Yinnon 4 analyzed consultations and found that recommendations were as follows: start antibiotic therapy (14.4%), stopping antibiotic therapy (5.5%), and changing antibiotic therapy (26.5%). Same recommendations were respectively 26.5%, 8.1%, and 24.3% in our study (Table 4).
Despite implementation of restricted antibiotics policy in our hospital, 54% (428/793) of the patients with existing antibiotic treatments were on restricted antibiotics at the time of the consultation. This could be explained by two factors. First of all most consultations were requested by hematology, oncology, and nephrology clinics that had numerous immunosuppressive patients or patients with febrile neutropenia. Also nearly all clinic requests of restricted antibiotics were approved during off-hours.
As in our study antibiotic doses were changed in only 0.7% (9/1315) of the cases after consultation we conclude that proper dosing is not problematic. Visiting patients in emergency service and routine intensive care unit visits could play a role in this.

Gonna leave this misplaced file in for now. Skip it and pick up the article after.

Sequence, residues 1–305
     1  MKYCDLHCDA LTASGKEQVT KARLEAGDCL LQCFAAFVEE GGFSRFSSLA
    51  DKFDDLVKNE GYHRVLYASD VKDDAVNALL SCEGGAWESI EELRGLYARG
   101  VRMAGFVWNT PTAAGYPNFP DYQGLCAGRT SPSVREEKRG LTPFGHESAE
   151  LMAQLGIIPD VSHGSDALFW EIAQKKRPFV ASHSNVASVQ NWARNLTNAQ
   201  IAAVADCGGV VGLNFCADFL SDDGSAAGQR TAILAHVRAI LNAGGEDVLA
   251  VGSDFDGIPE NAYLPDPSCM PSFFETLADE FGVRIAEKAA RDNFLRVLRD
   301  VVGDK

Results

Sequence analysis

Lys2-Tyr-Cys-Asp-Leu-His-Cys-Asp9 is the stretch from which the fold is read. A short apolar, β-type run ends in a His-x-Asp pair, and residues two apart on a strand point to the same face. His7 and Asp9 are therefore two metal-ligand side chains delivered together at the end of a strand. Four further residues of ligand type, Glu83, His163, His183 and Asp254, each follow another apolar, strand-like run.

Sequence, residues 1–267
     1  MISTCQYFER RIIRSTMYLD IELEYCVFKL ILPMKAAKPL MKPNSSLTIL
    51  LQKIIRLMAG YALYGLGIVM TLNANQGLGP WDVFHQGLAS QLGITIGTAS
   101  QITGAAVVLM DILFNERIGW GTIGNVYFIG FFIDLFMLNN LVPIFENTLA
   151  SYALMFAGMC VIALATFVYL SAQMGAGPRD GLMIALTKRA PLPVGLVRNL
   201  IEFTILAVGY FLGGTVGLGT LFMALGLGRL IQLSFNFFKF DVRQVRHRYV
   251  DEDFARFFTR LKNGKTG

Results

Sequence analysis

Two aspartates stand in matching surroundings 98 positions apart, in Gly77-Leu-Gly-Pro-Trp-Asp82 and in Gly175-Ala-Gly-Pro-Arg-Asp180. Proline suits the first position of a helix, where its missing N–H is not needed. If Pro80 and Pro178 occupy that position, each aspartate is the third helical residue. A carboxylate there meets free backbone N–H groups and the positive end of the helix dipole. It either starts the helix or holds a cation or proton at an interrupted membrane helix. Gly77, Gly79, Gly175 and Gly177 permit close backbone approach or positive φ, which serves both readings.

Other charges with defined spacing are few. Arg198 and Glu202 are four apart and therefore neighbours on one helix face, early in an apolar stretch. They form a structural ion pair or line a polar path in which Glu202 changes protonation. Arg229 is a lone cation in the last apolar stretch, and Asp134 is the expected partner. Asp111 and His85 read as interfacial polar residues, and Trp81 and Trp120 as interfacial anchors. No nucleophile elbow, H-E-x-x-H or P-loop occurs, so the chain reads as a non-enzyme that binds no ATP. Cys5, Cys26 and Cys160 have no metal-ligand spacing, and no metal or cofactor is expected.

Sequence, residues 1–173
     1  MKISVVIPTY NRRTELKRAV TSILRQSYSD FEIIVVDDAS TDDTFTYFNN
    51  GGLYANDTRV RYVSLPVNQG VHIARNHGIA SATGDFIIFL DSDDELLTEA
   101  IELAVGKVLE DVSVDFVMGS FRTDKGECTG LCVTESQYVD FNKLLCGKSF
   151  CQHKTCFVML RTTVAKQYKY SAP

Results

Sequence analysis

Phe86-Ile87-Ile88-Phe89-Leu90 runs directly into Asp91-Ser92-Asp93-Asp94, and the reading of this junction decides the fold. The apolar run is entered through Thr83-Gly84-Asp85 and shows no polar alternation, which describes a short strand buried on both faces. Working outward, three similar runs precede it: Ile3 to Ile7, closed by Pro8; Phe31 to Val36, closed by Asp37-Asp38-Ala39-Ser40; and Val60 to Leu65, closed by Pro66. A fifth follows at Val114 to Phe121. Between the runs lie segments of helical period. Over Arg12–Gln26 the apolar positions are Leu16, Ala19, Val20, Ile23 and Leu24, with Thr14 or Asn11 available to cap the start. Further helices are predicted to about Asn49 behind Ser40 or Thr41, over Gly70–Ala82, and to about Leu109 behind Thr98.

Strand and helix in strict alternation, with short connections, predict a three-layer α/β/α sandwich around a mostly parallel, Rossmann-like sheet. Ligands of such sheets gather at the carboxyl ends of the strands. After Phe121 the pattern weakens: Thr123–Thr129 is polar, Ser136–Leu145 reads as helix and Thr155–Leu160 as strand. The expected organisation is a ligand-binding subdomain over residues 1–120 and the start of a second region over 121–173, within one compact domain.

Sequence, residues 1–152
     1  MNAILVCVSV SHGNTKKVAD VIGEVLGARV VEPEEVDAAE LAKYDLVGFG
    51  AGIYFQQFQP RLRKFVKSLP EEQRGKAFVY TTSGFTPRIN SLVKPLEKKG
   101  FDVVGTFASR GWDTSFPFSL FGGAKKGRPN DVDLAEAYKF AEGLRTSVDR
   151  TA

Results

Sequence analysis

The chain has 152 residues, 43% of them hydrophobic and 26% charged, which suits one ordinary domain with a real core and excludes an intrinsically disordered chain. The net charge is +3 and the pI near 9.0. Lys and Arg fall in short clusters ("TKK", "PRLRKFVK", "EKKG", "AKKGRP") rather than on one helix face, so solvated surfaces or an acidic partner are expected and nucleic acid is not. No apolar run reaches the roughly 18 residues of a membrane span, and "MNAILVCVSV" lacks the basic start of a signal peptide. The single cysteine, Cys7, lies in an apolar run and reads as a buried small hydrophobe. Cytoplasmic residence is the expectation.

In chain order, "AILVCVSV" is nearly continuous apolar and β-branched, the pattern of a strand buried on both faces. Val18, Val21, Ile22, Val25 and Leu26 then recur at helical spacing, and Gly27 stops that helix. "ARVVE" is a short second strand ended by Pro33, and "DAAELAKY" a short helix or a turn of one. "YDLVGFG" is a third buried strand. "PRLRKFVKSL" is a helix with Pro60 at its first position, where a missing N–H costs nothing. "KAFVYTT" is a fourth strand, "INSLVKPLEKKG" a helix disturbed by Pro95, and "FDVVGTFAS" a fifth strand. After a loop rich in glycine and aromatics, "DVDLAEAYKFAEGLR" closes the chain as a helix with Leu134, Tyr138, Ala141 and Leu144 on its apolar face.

In conclusion, we believe that consultations play an important role in infectious disease practice. In this study we found that the purposes of consultations were mainly diagnosis and treatment. As consultations are performed for various infectious diseases, training program for infectious disease speciality should consist of not only communicable diseases, but also all system infections, antibiotic stewardship, nosocomial infections, infections in immunocompromised host, and differential diagnosis of non-infectious causes which was seen frequently. We need also appropriate approval mechanism for restricted antibiotics for off-hours.